3SMReviews: You should totally watch this. Volume III

 In Everything, Fun Lists, Lists

Movies I watched in 2018 that were just so good I think you should watch them too. Today’s (non) theme: Hodgepodge

Dads with Daughters

Movies with dad/daughter combinations seem to be more common than movies with moms/daughters. It’s easy to see why. The mom/daughter relationship is hard to get right. (Lady Bird did, though.)

3SMReviews: Hearts Beat Loud

Hearts Beat Loud—Nick Offerman and Kiersy Clemons together in a movie about endings of things. Music is the connection that keeps us together, no matter Kiersy Clemons’ reluctance.

3SMReviews: Leave No Trace

Leave No Trace—Sometimes a dad provides for his daughter the best he can, despite his demons. Ben Foster and Thomasin McKenzie are so very good in this so very good film by Debra Granik

3SMReviews: First Man

First Man—The daughter isn’t on the scene for long. But her death from cancer fuels Ryan Gosling’s Neil Armstrong portrayal.

Also a dad/daughter movie? My 2018 #1 film, Eighth Grade

Documentaries I Loved

I don’t see as many documentaries as I would like too. There are only so many hours in a day and I prefer fiction to nonfiction. I did see these two films, and they were worth my time.

Three Identical Strangers—Every person who has ever fantasized of having a long lost twin will love this movie. If you aren’t convinced, watch the preview.

3SMReviews: Won't You Be My Neighbor?
Fred Rogers appears in Won’t You Be My Neighbor? by Morgan Neville, an official selection of the Documentary Premieres program at the 2018 Sundance Film Festival. Courtesy of Sundance Institute | photo by Jim Judkis.

Won’t You Be My Neighbor?—Fred Rogers. A movie theater full of crying people, and yet it’s so cathartic. In these hectic times, you know you want to spend 1.5 hours in Mr. Rogers’ calm presence.

Classics for a reason

Some classics that I watch are like taking medicine. And some have me sitting up saying, “Yes! This film! This is good!” These are those films.

3SMReviews: High Noon
Gary Cooper, Grace Kelly Directed by Fred Zinnemann

High Noon—The movie that had me wondering just what exactly was going on in 1952. (It was blacklisting.) Even if you don’t know about that subject, this is a tense film.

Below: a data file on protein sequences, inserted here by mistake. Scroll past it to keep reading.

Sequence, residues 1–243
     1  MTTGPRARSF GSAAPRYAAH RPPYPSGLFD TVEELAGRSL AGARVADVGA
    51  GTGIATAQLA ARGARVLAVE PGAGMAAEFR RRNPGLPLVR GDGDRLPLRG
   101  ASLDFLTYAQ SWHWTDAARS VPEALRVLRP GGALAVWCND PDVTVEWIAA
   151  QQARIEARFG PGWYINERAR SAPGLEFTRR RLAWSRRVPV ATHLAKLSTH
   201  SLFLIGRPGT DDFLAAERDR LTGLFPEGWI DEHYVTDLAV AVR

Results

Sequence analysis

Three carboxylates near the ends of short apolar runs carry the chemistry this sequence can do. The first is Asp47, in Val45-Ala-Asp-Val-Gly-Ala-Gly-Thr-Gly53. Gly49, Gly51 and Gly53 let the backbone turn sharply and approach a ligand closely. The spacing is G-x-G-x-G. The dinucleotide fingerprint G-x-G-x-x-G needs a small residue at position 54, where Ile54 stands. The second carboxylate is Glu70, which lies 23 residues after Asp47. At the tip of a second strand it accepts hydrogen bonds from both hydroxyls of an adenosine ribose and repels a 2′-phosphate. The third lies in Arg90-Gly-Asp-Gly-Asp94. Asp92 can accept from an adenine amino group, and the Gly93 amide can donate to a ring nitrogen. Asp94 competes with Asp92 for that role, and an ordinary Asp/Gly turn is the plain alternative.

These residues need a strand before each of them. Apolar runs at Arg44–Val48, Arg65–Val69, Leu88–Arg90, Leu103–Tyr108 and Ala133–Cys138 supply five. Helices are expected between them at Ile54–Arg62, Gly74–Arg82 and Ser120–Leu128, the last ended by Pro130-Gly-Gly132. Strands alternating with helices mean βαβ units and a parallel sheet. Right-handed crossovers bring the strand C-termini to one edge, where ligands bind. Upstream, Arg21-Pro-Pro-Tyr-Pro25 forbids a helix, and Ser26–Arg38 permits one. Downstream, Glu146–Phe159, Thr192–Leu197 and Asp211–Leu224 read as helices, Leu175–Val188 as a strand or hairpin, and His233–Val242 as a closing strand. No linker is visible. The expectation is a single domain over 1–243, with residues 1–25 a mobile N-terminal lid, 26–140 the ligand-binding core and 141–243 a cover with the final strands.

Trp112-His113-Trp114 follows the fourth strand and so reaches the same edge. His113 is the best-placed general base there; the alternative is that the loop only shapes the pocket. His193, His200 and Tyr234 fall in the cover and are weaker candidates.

3SMReviews: Witness for the Prosecution

Witness for the Prosecution—Best viewed when you don’t know much about it, and there’s a fun disclaimer at the end where they ask you to avoid spoilers when talking about the movie, except they didn’t have the term spoiler. (I can recall when that term came into use, and boy was it a handy language innovation.)

Defying categorization. Still good.

Sometimes you get to the end of your categorization and you can’t find a common thread. Wait! The common thread is women as lesser beings. But that’s too much of a bummer to make a heading.

Battle of the Sexes—I initially avoided this film becuase I wasn’t up to the normalized sexist attitudes of the 1970s. But the movie was complex in a way I wasn’t expected and was well worth my time. My DVD copy had an interview with Billie Jean King that I suggest searching out.

3SMReviews: The Gift

The Gift—A psychological thriller that is nearly a perfect film. So. Incredibly. Creepy.

3SMReviews: Wind River

Wind River—I initially avoided this film because I was annoyed that a movie set on an Indian reservation was written by a white dude and stars white people. I eventually set those things aside and I found a taut thriller that calls attention to the many unsolved murders of Native American women.

Are you looking for the Volumes I and II?
Find Volume I here
And Volume II here

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